Renee Gerlich visits the workshop of unorthodox Wellington picture framer and print-maker Sam Broad.
Peering around his workshop, it looks like Sam Broad has raided a Tim Burton film set or an abandoned fairground.
The man himself sports a neatly twirled Dali moustache, a notoriously animated demeanour and certain mischievous twinkle in the eye.
Qualities perhaps unexpected of a picture framer, someone in the business of preserving precious objects with painstaking precision and patience.
There is a "Haunted House" pinball machine in the corner of his workshop, with drippy, green-and-black font; and about a dozen shelves cluttered with comics, books and vinyl, legomen, kitsch plastic toys, 50s board games and an old accordion.
It's a dusting nightmare, but everything seems to belong. If I pocketed the porcelain matador on the windowsill as I left, I'm sure I'd get a call before reaching the end of the driveway.
Broad has been listening to a podcast by anthropologist and anarchist David Graeber (Debt: The First 5000 Years), which he switches off after a bit of a rant on capitalist economics, to launch into his story.
He began printmaking at Inverlochy Art School, and became impressed by Wellington picture framer David Strauss' framing of his work. Strauss "had such exciting ways of presenting my art. [He] lifted the game," says Broad.
So with the support of the Winz Enterprise Allowance and Business Skills course, and some second-hand purchases from closing-down framers, Broad joined the game. "A huge part of my trade is through word of mouth," he says, seeming heartened. Broad was quickly framing for around 100 patrons from his converted garage.
"Customers will introduce me to new artists," he continues. "I've got this repertoire of interesting stuff I've framed, like . . . Italian barbarian porn. I got to frame that one in black velvet.
"People bring in tapa cloths, jigsaws, embroidery, movie prosthetics, or pictures of themselves butt naked and pregnant - quite private things."
He tells me about the beautiful moon photographs he framed for the Adam Art Gallery, a loyal client.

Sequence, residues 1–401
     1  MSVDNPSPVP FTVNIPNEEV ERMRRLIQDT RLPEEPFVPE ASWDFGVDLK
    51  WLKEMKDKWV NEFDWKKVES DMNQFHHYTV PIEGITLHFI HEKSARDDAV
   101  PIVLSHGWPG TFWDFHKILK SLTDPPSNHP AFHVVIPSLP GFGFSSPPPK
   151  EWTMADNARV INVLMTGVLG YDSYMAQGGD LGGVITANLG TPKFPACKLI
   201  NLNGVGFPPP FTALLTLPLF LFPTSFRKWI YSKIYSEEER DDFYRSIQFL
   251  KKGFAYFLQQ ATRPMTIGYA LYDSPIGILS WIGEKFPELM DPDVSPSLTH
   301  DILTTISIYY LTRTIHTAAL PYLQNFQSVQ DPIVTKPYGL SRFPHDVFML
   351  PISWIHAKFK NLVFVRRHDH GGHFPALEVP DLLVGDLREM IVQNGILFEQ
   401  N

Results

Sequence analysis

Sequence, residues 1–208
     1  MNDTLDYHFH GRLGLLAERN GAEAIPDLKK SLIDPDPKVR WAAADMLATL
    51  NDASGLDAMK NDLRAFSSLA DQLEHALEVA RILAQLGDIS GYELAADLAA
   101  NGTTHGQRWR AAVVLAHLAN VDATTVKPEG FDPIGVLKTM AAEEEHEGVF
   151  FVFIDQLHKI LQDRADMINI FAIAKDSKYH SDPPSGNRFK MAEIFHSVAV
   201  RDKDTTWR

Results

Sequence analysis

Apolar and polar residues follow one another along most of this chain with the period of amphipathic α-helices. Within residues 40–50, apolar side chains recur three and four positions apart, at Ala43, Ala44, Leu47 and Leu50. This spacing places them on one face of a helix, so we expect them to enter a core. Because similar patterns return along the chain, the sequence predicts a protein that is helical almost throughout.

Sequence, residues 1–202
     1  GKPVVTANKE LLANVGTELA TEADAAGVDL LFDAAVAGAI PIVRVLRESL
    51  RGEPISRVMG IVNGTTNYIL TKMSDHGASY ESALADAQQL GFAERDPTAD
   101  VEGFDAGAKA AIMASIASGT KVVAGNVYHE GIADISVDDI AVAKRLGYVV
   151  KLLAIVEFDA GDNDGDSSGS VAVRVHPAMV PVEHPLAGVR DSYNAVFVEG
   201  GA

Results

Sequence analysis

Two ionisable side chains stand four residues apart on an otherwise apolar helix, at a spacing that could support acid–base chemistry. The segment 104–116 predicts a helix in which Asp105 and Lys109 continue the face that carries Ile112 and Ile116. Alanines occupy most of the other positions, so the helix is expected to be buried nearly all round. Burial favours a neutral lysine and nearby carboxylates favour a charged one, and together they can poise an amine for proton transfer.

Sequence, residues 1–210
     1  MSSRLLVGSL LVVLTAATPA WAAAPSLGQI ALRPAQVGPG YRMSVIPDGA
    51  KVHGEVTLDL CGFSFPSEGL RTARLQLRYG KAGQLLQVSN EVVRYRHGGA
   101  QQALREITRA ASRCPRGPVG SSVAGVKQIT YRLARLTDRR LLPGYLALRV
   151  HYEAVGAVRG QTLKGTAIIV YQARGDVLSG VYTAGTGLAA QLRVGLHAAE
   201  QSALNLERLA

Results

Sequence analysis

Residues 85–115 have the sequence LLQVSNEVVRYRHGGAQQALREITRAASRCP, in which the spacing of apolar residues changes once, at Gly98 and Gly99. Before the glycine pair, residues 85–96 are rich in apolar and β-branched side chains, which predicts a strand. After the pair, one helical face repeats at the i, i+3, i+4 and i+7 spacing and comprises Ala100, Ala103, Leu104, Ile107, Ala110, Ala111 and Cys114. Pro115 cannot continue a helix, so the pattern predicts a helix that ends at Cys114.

The list is just the kind of unexpected assemblage hoarded around us, and pictured in Broad's artwork, a selection of which is on display at Solander Gallery until February 23.
Broad shows me Colony Collapse Disorder, named after the dissolution of bee colonies. Within a carnivalesque design, the woodcut combines buzzy bees, robots, monster trucks, candy spacemen and pac men roasting marshmallows over a burning tyre.
"It's an apocalypse," Broad explains, "but it's a fun apocalypse."
Broad is intrigued by the "militarism of childhood toys", particularly the industrious buzzy bee, and lets them loose on his woodblocks with comic and packaging typography, political concerns and kitsch cultural icons.
While at first glance the pictures are explosive - on closer inspection, they are detailed and patiently designed. Explaining his interest in manufactured toys, Broad suddenly points to a shelf.
"Toys have got this provenance.
"They should be worn, and scribbled on, with the hands chewed. Nothing should be sacred, nothing lasts forever... "
I feel the need to interrupt.
"It seems you've got this iconoclastic, anarchistic, boundless spirit," I tell Broad, whose eyebrows are raised in surprise.
"But you spend most of your time sitting in your garage, putting things meticulously into boxes for preservation. Why?"
"I appreciate that these things have been made by someone's hands," Broad replies.
"Even the most mass-produced item has been made by humans, and someone's had to sit down and work it out. That's the problem with the sterilised aesthetic of the iPad or the Nike shoe. They don't look handmade, and they are." He talks about sweatshop working conditions.
"I wish everyone could have satisfaction in their work like I have, a liveable environment, and access to other people and ideas."
So it seems the paintings, photos, tapa cloths and Italian barbarian porn tucked away in the drawers in Broad's workshop are indeed in safe and devoted hands.
I get the feeling that if a cat so much as came in here and sneezed while Broad was working, it might soon find itself with a pair of glass eyes, stuffed and on display between a plastic Yoda and Captain Planet.
"Whether it's a greenstone mere or a plastic robot, you have to venerate the people who have made it. There are people behind every object. That's why I can happily play here in my own little world. It's a . . . treat, isn't it?"
Sam Broad's Paper, Scissors, Rock and Roll, Solander Gallery, Wellington, till February 23.
- © Fairfax NZ News
Have you read Kiwi author Eleanor Catton's Man Booker Prize-winning novel The Luminaries?Related story: What now for Eleanor Catton?